President Barack Obama was sworn into office a third time today, and the White House announced plans to repeat the swearing-in on a daily basis.
"We feel it's a good way to start the day," Press Secretary Robert Gibbs said. "Like a meditation, prayer, or exercise routine it focuses the mind and sets the right tone for the day. Besides, it's a heck of a lot of fun."
Following confusion over the wording of the oath administered by Chief Justice Roberts at Obama's inauguration on Tuesday, the first re-do took place Wednesday, according to White House counsel Greg Craig, "out of an abundance of caution." Press reports Wednesday night quoted President Obama explaining the second ceremony by saying, "We decided it was so much fun..."
Presidential historians say there is little precedent for multiple oath-taking, with the exception of Richard Nixon's habit of repeating "I am the President" to press, staff and paintings every chance he got.
As news spread of President Obama's intention, foreign governments already besotted with Obama-mania are jumping to join the bandwagon and administer their own oaths to the new President.
"Running our country is a real headache these days," a source in the British government said. "We figure, why not let Barack do it?"
Later this week, Obama is schedule to affirm he will "be faithful and bear true allegiance to Queen Elizabeth, her heirs and successors, according to law," followed by pledges to "protect Ukraine's sovereignty and independence;" "observe the Laws, promote the general welfare of the Brazilian people;" "govern the Kingdom of Norway in accordance with its Constitution and Laws;" and later, in the words of Hippocrates, "swear by Apollo the physician, and Aesculapius, and Health, and All-heal, and all the gods and goddesses, that, according to my ability and judgment, I will keep this Oath."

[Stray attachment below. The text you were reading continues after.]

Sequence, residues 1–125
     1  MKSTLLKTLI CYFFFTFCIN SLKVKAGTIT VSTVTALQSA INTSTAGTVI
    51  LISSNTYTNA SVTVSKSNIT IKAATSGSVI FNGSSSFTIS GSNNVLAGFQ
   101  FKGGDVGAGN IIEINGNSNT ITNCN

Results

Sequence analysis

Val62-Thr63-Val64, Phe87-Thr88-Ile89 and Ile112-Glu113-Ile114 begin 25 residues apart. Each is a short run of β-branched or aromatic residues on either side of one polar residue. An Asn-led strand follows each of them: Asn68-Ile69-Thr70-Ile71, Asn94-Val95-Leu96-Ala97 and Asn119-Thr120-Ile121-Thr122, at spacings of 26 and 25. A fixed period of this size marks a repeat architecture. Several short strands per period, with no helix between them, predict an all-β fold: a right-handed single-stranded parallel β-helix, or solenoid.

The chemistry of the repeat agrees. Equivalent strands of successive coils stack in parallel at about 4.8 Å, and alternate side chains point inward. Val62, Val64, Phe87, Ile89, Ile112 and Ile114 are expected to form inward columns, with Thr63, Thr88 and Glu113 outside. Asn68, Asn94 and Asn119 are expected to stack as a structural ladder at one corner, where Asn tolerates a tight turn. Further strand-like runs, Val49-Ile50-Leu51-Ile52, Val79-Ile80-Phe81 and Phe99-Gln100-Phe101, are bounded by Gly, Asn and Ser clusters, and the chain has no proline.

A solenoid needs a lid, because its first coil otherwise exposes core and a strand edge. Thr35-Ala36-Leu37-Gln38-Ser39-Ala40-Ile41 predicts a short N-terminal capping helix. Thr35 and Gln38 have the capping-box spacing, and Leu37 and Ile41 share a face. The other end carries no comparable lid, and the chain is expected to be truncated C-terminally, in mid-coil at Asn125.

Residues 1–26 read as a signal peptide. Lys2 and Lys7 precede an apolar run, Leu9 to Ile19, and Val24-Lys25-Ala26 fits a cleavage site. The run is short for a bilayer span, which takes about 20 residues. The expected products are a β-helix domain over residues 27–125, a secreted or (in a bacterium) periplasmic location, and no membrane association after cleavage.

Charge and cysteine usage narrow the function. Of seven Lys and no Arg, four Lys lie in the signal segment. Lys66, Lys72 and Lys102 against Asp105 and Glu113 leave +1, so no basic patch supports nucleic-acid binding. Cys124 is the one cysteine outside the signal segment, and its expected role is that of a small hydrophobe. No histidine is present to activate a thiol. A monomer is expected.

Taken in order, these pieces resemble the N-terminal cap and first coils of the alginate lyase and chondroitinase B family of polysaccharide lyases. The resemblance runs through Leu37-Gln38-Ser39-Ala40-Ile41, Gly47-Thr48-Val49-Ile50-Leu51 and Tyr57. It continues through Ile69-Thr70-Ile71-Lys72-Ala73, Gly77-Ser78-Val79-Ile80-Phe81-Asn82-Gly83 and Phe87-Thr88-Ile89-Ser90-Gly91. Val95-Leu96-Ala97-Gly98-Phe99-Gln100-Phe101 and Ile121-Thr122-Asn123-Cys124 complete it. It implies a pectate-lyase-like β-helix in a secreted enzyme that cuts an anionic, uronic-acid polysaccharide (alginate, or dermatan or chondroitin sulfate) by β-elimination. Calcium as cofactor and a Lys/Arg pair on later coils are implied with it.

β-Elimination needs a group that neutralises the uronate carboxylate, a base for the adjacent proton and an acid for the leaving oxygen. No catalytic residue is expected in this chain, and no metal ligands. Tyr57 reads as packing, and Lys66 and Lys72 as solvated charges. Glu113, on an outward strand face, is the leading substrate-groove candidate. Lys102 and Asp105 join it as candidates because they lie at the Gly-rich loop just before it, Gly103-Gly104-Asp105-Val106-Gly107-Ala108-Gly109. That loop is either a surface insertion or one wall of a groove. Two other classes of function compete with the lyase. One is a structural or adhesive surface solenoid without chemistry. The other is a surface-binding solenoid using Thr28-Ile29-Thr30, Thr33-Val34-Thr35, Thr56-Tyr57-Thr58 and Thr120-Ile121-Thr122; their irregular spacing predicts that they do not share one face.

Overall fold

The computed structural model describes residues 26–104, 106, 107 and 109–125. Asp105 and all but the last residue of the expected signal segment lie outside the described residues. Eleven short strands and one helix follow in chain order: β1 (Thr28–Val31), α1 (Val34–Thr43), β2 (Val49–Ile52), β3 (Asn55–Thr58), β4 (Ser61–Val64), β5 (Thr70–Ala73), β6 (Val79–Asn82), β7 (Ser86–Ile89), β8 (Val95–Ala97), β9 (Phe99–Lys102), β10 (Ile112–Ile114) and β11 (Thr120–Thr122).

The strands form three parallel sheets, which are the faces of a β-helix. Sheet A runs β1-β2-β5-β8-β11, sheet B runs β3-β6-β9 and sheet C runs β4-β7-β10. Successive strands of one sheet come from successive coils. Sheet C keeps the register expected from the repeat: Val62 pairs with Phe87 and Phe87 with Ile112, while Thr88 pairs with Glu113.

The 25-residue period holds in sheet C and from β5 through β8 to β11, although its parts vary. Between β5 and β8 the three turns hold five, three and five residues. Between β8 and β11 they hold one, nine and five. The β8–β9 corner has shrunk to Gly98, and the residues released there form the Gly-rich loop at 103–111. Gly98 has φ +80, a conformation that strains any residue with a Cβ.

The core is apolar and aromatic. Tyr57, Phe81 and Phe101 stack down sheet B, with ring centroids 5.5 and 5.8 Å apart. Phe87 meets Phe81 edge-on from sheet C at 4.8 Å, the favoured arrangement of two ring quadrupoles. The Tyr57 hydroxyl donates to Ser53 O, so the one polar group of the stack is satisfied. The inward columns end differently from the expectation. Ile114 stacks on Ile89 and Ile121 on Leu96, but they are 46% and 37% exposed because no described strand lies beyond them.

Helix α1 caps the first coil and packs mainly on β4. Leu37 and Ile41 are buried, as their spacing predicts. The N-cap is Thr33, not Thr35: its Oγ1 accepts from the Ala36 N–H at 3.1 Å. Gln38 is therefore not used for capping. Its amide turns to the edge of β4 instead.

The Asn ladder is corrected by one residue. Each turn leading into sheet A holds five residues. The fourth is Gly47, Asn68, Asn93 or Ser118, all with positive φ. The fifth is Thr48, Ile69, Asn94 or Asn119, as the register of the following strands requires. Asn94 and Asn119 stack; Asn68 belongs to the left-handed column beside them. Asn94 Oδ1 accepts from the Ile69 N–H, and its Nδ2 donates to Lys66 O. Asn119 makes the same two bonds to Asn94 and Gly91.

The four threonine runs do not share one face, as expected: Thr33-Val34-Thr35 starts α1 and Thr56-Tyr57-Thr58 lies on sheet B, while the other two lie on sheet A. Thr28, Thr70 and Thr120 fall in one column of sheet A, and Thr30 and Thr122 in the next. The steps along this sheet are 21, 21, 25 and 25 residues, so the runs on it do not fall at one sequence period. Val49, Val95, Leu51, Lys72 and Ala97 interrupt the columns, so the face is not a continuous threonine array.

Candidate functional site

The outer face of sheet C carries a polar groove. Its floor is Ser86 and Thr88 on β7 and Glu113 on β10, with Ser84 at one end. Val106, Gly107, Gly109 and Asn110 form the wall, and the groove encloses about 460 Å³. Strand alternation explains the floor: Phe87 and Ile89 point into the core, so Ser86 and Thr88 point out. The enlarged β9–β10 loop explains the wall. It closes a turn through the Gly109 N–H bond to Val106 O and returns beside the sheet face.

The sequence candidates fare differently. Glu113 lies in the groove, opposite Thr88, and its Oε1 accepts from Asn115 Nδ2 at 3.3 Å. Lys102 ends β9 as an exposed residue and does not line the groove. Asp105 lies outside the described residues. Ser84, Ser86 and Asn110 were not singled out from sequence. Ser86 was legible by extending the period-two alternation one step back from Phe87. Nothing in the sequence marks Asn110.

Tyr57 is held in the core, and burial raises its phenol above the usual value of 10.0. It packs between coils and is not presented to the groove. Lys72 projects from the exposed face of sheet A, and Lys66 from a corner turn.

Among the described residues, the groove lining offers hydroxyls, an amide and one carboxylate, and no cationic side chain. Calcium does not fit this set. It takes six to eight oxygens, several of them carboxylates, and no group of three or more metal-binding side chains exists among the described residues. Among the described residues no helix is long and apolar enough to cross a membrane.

In a related development, the Huffington Post's invitation to readers to film a video of themselves taking the presidential oath has resulted in some confusion, with citizens who've taken the oath reporting to the White House for duty. In a statement, the White House said, "We appreciate the offers, but as Barack Obama said before taking office, we only have one president at a time. However we could use some help running Moldova, Burkina Faso and Tuvalu."